Hardly a week goes by of late without some aspect of garbage collection or recycling muscling their way into headlines.
A particularly thorny issue for council is the so-called double-dipping faced by condominium owners and apartment tenants (although the solution is clearly a simple matter of will as is evident once you read further).
To shed light on this aspect of the municipal waste contract between the city and BFI Canada, this corner sat down with Bob McCaig, the former owner/operator of the Green Lane landfill site and provider of municipal garbage collection, but now just a concerned private citizen eager to provide insight.
He explained there was a very good reason at the time for setting the system up the way it is. The original idea was hatched by McCaig and city officials to promote recycling.
“How were we going to promote this new concept of recycling. What we’ll do is make apartments pay. Everything over seven units would have to provide their own garbage container. And all condominiums have to provide their own container. And it was in the agreement when condominiums were built.”
However, to offset that, noted McCaig, “we’re really going to promote composting and recycling and we’re going to do that for free for the condominiums and apartments. With a little special effort, they will have very little garbage anyway.
“When people bought condominiums it was right in their agreement that they would have to pay for garbage collection, but they would get recycling and composting at no cost.”
And nothing has changed to this day.
“But, I agree,” added McCaig, “the agreement is very convoluted and difficult to understand because it kept referring back to earlier agreements. No question about it, it’s time the contract was cleaned up.”
So how do you compensate these owners?
“You give them a rebate of $6 a month, or so,” McCaig suggests. “The will lies with the city but you only have so many dollars and you’ve got a city to run. It’s not the contractor’s issue. The contractor just does what the contract says.
“I believe the idea is to recycle as much as you can and compost as much as you can. Interestingly enough, it costs a lot less to compost under the current deal than to put the waste into landfill.”
As to the concerns of condo owners, McCaig laid it on the line. The will to address collection fees has to come from city hall, not the contractor.
NOT THE TIME
Back in February, the Canadian Auto Workers made an ill-timed presentation to council urging the city to adopt a buy Canadian policy with regards to the purchase of goods and services.
Council wisely referred the union manifesto to the treasury department and purchasing agent Mike Hoogstra will present his report on Monday.
In a nutshell he concludes, “We feel that the implementation of policies to restrict trade are counter-productive and may eventually result in policies from other jurisdictions that restrict trade.”
The protection of the Canadian manufacturing sector is a matter of federal scope and jurisdiction, Hoogstra continues.
“Council should encourage the senior levels of government to analyze the best ways to ensure the viability of the Canadian manufacturing sector and enact the appropriate legislation give the constraints imposed by international trade agreements.”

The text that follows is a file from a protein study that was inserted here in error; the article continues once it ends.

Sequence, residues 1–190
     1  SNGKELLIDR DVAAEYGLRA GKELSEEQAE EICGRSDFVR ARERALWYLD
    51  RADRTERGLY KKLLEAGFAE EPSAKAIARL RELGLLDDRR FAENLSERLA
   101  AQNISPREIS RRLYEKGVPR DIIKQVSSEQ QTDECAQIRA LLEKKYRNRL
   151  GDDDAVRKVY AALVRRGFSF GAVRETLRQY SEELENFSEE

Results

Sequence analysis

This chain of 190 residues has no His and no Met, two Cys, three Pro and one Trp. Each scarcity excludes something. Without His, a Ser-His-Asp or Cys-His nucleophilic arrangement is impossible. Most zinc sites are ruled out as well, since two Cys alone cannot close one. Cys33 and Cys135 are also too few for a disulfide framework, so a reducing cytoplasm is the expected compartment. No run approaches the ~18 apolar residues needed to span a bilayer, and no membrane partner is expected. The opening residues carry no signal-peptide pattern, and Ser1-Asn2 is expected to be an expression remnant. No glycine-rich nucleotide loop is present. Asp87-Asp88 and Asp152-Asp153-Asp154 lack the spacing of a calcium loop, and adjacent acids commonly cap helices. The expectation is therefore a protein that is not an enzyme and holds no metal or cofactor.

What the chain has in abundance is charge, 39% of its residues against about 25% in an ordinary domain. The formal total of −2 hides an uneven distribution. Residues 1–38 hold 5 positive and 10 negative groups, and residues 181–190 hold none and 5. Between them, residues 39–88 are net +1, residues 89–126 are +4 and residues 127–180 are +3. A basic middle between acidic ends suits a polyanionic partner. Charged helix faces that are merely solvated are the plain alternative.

Critical advice from Hoogstra and the treasury department that council would be wise to follow to the letter.
WHO NEEDS ‘EM
On the topic of wise decisions, council took the right path Monday when it defeated a motion (albeit on a 4-4 outcome) to proceed with a realty corporation owned and operated by the city’s economic development corporation.
It would have been a first for St. Thomas – the only municipality in the province to establish a corporation to sell property through the Multiple Listing Service.
Mayor Cliff Barwick supported the bylaw, noting the bylaw would give the city access to MLS without having to pay a third-party broker.
Cut out the middle-man you say?
In these unprecedented times, with no sector of the economy escaping unscathed, such a comment must make the city’s real estate community feel warm and fuzzy all over.
As Harold Kewley, broker of record at Century 21 Network Realty Ltd., noted to City Scope, what incentive is there for brokers to bring potential clients to the table who are interested in purchasing city-owned property?
Ald. Gord Campbell went one step further.
“We would have two distinctions in the city: We’d be the only one with a realty corporation without a CAO.”
Funny how many topics of discussion come around to that thorny issue. And do you get the sense there is more to this story than has been made public?
Oh the value of having a real estate licence.
THE WAITING GAME
Mayor Barwick left for his Japan junket on Feb. 16th of this year and returned Feb. 27. As of earlier this week, he had yet to submit his expenses for this hand-holding session with skittish Japanese investors.
As this corner understands city policy, claims are to be submitted within five days from the return of a conference or trip, although we can recall several instances where this procedure has been brushed aside.
Word from the clerk’s office indicates the mayor is awaiting some detailed information from Japan relating to the trip prior to the submission of a claim of expenses.
What detailed information? And is it being sent to St. Thomas via a tramp steamer? What happened to the electronic age?
QUOTE OF THE WEEK
“The more persistently a government maintains silence on a given subject of discussion, the more the public talks about it.”
From the desk of Toronto writer/speaker and municipal consultant, Peter de Jager. In the case of city councils past and present, you have to look no further than city credit cards, the location of the twin-pad community centre and Alma College.
City Scope appears every Saturday in the Times-Journal. Questions and comments may be e-mailed to: mccallum@stthomastimesjournal.